House, Land or Apartment – Tops Tips on Which Property Investment Type to Choose for You

As a qualified property valuer, buyers agent and active property investor myself I have valued, bought, renovated and property managed many homes and units for property investors all around Australia.One question I am constantly asked is:Should I buy a house or a unit? Which property investment will outperform for my property portfolio?So I thought I would put together a pros and cons on home investment vs unit / apartment investment.Buying property such as units, villas, townhouses, apartments as a property investment:Pros

Commonly cheaper than houses in the same investment area
Generally higher yield (due to greater demand for smaller low maintenance households and a smaller initial financial layout)
Typically lower maintenance requirements and costs
Most unit blocks have tight security – ie a secure unit block or private access.
Many modern blocks have great facilities such as gyms, pools, gardens, etc.
Often located within close proximity to inner city locations and in-demand amenities, service and lifestyle type areas.

Strata fees can be costly.
It can be more difficult to gain significant capital gains through renovation as renovation can be limited especially to the outside of the unit of which you have limited control.
Property Development of a unit is near impossible unlike a house of which you have full control.
It may be difficult to refinance to draw equity and reinvest, especially if there is building problems, even if its not your unit which is directly unaffected.
Some apartment blocks have gyms, pools etc and strata levies can be substantial. If apartment blocks have facilities like a pool or elevators which could be a personal ‘pro’, these often are financial ‘con’s’ as these facilities require more ongoing maintenance, therefore higher costs and generally lower capital growth.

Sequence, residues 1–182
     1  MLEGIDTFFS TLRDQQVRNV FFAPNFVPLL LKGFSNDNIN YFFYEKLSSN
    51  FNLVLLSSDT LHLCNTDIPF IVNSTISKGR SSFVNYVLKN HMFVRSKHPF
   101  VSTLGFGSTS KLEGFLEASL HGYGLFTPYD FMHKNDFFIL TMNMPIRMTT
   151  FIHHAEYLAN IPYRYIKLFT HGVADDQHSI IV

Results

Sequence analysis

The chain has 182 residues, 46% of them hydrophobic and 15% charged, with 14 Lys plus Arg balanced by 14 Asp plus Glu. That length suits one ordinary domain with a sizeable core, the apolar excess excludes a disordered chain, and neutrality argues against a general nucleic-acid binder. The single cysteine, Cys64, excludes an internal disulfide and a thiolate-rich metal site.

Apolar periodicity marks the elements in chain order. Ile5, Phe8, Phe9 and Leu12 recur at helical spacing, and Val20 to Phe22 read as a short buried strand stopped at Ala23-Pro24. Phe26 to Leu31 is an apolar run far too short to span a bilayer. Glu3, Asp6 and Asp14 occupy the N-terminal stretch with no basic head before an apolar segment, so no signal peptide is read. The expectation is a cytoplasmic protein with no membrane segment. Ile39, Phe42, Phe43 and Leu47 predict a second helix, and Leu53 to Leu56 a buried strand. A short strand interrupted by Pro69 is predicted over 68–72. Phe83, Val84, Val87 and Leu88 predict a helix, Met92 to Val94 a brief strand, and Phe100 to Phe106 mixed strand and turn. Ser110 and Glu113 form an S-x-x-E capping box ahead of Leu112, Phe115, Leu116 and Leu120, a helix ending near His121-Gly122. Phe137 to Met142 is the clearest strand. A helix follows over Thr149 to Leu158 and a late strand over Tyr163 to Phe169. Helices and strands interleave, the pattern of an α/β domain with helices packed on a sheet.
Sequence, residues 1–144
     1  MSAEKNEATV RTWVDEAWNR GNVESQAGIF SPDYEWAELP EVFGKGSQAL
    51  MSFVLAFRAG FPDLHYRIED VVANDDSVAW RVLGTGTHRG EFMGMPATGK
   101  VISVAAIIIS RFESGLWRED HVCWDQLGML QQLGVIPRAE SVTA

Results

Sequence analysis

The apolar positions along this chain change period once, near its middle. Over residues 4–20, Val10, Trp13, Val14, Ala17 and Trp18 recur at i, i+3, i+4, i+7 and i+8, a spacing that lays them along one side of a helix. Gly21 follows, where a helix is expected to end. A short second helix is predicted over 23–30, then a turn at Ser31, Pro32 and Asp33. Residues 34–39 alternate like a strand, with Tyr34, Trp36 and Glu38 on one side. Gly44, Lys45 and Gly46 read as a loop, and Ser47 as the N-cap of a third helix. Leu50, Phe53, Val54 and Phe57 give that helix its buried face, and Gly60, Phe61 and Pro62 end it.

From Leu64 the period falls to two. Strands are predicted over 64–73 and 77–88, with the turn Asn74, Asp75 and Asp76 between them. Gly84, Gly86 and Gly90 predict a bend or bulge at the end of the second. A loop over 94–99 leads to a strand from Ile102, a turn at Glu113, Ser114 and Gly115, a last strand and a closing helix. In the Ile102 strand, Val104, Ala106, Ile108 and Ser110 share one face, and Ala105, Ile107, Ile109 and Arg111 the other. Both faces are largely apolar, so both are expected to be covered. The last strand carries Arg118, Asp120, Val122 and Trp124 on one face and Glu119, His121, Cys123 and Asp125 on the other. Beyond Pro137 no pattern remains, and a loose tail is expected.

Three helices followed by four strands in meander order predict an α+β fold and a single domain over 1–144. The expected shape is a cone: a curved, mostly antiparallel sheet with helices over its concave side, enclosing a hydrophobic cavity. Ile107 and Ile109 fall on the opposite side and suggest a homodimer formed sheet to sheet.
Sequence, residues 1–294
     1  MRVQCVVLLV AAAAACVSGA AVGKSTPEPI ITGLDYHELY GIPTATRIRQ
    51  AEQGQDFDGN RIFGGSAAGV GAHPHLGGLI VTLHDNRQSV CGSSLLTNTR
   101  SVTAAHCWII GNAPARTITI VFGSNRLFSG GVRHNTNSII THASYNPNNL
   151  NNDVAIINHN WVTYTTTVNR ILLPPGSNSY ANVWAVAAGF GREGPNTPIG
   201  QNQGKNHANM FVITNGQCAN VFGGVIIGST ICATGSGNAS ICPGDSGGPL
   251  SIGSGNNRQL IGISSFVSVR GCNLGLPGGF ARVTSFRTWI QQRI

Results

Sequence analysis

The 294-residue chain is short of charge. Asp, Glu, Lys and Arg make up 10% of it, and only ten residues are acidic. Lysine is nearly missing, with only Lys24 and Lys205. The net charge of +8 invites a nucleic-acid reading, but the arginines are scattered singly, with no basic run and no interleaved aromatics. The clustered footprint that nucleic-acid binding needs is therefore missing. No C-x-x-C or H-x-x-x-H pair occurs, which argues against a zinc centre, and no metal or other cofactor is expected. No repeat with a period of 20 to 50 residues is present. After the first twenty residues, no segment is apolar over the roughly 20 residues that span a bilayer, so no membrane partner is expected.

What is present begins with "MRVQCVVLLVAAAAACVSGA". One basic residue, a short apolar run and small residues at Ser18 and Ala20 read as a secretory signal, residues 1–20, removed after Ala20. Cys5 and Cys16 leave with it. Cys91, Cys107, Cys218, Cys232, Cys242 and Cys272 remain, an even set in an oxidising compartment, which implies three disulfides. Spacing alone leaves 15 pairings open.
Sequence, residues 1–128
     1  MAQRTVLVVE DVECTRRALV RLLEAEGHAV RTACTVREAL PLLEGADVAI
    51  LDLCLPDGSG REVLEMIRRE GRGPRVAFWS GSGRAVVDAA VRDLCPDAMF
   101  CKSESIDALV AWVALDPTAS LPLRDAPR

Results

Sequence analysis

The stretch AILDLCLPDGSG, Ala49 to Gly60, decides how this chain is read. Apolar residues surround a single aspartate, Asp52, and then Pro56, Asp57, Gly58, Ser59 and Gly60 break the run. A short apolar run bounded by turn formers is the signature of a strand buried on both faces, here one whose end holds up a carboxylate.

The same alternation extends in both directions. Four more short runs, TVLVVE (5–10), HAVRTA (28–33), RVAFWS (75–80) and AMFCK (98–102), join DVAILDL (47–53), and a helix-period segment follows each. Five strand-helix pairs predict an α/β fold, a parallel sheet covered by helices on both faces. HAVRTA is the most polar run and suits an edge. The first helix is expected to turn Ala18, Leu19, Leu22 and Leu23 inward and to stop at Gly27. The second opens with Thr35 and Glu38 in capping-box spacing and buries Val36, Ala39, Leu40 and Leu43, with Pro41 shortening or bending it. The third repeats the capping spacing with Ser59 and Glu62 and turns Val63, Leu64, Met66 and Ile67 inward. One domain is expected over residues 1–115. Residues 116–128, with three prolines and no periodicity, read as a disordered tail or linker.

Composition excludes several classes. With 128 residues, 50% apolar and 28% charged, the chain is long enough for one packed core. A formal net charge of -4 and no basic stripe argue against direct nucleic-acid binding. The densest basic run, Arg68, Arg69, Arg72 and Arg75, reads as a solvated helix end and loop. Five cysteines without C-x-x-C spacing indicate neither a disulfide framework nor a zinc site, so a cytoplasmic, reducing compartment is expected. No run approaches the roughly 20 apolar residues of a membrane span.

Often located in high density areas
Less privacy
Buying houses/homes as a property investmentPros

Larger land content which is great for capital growth
More lifestyle space (backyards, living rooms etc.)
Creative control over the entire property, and therefore renovation and development is easier due to more control of the investment asset and usually more capital gains on renovation or development costs spent compared to apartments.
Usually in lower density areas
More privacy

Traditionally lower rental yields due to larger land component
Not commonly found (or not affordable) within close proximity to inner ring of CBDs which is where the higher capital growth is.
More maintenance required (which can mean higher ongoing costs and therefore less cash flow from that particular property investment)
Easy to overcapitalise on add value projects, so need to be an experienced propery investor who understands the detail and process of property development and renovation before undertaking it. This can be quite costly in time as well as money.
Having read the above pro’s and con’s – you are now probably forming more a solid opinion of what you should do next. It is important to realise though this depends on what is your overall life and investment plan, not just the next transaction, as at Capital 360 we map investors property portfolio strategy moving forward 10-20 years, and this could be a combination of units and houses depending on what part of the life cycle the investor is at.

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